Government Flies ‘Stressed’ Sea Turtles to Florida to Escape the Cold

In this Thursday, Dec. 6, 2012 photo, a rescued loggerhead turtle swims under its reflection in a tank at the New England Aquarium’s Animal Care Center in Quincy, Mass. (Photo: AP)

More than two dozen sea turtles described by the Associated Press as “stressed” by cold ocean waters have been airlifted from New England to balmy Florida.

The Coast Guard flew the turtles to Orlando on Friday, but the National Oceanic and Atmospheric Administration (the federal agency that apparently oversees sea-turtle protection) reportedly arranged the flight.  The Daytona Beach News Journal reports that 20 turtles were taken to SeaWorld Orlando, five loggerhead turtles were taken to the Volusia County Marine Science Center, and three other facilities in Florida also took in the displaced creatures.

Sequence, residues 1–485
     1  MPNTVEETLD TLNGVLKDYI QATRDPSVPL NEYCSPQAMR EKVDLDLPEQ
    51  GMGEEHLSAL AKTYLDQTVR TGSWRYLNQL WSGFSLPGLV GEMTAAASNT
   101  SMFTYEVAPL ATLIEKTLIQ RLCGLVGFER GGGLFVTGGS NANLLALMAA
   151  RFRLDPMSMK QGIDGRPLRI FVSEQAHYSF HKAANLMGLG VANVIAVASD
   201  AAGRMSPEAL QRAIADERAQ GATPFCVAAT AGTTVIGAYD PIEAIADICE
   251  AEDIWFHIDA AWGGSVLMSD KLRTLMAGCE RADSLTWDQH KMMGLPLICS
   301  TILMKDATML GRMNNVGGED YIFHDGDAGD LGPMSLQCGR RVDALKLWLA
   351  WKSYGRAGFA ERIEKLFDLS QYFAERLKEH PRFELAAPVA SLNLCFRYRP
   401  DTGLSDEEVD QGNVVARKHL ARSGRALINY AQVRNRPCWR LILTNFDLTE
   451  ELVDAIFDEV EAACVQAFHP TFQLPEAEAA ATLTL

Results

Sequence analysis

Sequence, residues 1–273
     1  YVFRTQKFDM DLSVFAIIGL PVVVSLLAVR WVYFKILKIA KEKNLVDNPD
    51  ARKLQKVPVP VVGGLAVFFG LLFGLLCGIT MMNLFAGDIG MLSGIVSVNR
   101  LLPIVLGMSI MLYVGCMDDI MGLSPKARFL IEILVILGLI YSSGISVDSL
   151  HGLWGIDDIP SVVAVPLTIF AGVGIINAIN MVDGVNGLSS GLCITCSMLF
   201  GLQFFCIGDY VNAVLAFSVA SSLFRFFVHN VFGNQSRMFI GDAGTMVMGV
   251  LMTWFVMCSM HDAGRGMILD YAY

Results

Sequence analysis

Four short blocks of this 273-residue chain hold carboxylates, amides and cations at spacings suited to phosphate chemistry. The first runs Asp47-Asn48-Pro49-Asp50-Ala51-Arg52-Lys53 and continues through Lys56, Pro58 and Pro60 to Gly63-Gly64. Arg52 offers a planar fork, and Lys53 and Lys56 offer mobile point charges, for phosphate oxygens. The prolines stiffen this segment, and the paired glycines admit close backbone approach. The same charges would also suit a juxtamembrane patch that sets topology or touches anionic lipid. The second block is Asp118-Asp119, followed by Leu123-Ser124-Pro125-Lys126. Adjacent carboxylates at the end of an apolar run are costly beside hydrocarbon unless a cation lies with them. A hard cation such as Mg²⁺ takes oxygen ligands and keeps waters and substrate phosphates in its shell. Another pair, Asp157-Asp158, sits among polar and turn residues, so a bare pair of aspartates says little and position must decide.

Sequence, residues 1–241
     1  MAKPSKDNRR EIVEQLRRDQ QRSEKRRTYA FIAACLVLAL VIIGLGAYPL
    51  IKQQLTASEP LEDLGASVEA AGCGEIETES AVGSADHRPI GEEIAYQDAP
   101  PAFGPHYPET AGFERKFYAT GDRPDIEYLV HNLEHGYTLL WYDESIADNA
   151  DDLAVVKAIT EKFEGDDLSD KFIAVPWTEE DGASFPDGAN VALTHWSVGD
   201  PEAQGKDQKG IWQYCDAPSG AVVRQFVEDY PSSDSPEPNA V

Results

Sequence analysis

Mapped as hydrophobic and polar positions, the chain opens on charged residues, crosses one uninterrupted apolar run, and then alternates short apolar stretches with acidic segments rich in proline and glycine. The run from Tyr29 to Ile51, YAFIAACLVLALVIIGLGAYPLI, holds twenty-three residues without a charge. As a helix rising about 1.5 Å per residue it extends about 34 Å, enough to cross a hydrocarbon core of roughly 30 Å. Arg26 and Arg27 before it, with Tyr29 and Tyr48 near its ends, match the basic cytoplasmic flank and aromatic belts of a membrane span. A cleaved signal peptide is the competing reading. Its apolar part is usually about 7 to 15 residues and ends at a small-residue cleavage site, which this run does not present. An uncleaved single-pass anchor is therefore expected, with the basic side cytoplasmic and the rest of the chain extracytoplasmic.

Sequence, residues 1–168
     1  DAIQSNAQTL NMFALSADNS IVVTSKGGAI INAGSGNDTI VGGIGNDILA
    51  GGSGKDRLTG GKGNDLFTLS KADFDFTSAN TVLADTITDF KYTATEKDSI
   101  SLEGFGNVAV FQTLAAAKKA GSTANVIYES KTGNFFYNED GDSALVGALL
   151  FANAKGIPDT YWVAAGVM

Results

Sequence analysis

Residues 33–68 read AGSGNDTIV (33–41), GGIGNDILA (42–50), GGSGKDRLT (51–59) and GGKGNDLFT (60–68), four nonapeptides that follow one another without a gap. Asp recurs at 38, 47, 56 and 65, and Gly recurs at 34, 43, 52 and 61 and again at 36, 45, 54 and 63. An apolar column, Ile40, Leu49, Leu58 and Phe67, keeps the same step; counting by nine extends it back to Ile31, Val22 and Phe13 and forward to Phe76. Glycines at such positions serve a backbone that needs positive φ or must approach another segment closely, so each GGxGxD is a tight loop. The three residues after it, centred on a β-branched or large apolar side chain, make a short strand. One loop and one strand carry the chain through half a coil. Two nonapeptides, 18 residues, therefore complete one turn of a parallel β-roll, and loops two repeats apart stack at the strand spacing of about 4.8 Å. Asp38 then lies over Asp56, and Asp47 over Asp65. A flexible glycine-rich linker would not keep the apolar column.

A New England Aquarium spokesman says a record number of endangered and federally protected sea turtles have been treated this year for cold stress.  Not willing to take any chances, The Daytona Beach News Journal adds that some are being treated at a separate $4.5 million “state of the art” facility.

“Taxpayers decided with the Endangered Species Act that they wanted the federal government to protect endangered species,” spokesman Tony LaCasse said.

He added: “A great majority of the resources and money used to take care of these turtles is raised privately.”

SeaWorld officials say an unseasonably warm November delayed the turtles’ exit from Cape Cod Bay this year. When water temperatures suddenly dropped, the turtles developed hypothermia and washed ashore, prompting the crisis.

The turtles will be returned to their natural habitat when water temperatures are warmer.

​The Associated Press contributed to this report.